Fire Engine Plate, "Vigilant"

Description (Brief)
At the core of any fire company is the apparatus used to fight fires and protect lives. This was particularly true of for the volunteer fire fighters in 19th century America. Often purchased with their own funds, their fire engines were the focus of their pride and affection, as well as their identities as fire fighters. Engine plates, often made of brass, would be prominently affixed to engines and inscribed with the company name, number, and founding date. Engine plates could pass from old engine to new, or be kept in the firehouse as a memorial to a departed apparatus.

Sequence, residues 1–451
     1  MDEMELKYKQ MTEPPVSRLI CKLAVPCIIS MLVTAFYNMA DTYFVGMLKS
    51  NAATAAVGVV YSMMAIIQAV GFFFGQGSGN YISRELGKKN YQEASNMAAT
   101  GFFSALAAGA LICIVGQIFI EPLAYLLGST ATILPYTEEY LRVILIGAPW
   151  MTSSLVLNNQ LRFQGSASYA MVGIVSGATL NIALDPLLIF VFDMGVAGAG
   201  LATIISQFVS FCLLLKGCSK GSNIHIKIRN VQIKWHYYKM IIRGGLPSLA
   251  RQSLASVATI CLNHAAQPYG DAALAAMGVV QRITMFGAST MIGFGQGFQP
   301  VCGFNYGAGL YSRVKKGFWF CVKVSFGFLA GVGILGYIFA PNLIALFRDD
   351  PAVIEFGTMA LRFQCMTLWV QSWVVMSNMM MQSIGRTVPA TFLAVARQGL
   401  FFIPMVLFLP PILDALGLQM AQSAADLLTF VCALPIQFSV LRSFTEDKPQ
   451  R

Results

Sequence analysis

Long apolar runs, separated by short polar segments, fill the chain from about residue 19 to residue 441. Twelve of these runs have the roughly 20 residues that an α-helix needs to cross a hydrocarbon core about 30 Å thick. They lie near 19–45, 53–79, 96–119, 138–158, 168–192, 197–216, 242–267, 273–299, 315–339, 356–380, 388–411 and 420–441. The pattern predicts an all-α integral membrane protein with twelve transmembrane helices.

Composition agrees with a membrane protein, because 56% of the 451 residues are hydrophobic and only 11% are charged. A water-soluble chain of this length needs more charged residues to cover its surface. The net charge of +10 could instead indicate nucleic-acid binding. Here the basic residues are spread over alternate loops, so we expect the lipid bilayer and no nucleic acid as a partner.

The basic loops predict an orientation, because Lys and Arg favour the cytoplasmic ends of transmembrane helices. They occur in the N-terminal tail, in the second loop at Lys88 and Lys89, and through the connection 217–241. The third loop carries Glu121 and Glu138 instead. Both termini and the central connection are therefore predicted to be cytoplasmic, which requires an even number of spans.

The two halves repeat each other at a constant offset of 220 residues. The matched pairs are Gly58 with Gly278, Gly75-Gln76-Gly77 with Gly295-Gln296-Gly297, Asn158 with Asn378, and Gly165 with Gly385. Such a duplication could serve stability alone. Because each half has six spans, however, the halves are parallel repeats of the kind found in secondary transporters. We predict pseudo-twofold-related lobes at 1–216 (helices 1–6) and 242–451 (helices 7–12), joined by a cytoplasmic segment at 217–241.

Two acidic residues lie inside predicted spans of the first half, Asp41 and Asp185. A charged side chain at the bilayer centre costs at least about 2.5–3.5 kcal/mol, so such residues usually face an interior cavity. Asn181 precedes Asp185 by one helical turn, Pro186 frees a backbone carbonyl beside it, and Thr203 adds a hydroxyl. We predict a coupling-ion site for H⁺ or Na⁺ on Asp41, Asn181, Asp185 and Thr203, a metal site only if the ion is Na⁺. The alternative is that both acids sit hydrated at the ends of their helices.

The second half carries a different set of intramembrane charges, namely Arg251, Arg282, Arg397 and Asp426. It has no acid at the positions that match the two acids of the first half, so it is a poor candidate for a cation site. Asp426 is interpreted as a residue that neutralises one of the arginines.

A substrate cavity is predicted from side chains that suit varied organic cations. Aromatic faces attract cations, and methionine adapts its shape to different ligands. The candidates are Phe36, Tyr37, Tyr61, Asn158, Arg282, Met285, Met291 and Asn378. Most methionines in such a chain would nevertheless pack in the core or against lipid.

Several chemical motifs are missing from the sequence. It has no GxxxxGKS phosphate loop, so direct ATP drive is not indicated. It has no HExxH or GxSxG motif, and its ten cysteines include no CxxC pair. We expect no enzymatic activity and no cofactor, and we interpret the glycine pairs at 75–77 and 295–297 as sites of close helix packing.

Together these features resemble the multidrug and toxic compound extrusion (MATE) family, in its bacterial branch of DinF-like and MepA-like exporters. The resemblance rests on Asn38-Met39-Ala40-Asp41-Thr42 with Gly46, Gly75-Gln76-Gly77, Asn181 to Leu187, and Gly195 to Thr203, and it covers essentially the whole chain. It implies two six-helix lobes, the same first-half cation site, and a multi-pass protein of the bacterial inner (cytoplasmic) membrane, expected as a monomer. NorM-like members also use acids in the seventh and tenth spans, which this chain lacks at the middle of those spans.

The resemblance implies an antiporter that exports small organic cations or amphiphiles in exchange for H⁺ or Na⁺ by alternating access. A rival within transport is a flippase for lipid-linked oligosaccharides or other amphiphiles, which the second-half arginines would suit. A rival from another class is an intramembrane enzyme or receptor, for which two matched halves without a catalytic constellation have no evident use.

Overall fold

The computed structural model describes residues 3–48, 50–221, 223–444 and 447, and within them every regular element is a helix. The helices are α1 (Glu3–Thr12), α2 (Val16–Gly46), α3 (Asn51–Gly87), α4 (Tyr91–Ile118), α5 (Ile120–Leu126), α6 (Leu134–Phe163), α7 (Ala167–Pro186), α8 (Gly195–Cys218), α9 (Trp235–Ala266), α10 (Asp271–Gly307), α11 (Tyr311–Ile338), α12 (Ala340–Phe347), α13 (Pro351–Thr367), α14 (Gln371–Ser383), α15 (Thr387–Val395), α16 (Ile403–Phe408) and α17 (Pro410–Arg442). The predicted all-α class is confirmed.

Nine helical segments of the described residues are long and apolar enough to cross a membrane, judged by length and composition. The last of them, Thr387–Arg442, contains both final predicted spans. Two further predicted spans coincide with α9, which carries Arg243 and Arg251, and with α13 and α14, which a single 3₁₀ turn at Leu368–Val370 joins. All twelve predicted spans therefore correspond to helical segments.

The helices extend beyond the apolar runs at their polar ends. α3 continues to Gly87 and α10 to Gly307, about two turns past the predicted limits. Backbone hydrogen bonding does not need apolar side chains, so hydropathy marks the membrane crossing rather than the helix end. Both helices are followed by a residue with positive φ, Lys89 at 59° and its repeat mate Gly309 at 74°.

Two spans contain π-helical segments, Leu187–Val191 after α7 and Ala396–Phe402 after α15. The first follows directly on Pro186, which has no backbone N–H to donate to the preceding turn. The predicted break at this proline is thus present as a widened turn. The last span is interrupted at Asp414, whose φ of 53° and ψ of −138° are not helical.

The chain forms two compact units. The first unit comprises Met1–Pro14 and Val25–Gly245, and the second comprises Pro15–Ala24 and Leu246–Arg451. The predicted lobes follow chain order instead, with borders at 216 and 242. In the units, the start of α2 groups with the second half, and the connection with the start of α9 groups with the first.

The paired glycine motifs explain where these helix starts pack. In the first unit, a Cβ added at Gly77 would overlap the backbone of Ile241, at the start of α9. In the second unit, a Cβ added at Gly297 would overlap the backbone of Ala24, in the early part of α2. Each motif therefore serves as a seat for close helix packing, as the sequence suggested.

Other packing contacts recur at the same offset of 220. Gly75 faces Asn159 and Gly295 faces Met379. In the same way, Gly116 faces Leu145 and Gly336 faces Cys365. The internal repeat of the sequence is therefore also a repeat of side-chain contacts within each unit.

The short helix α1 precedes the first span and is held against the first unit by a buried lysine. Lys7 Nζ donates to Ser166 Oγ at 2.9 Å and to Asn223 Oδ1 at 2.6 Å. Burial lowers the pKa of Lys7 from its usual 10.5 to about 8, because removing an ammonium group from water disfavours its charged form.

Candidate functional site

This brass engine plate features the text “VIGILANT” above the number “3” engraved and filled with black enamel. There is a fancy filigree design above the arch and shield of the plate, and holes on the sides where the plate was attached to an engine.
Currently not on view
Object Name
plate, fire engine
Physical Description
brass (overall material)
overall: 10 1/2 in x 5 3/4 in; 26.67 cm x 14.605 cm
ID Number
accession number
catalog number
Fire Fighting
See more items in
Home and Community Life: Fire Fighting and Law Enforcement
Cultures & Communities
Firefighting Collection
Fire Engine Plates
Data Source
National Museum of American History, Kenneth E. Behring Center


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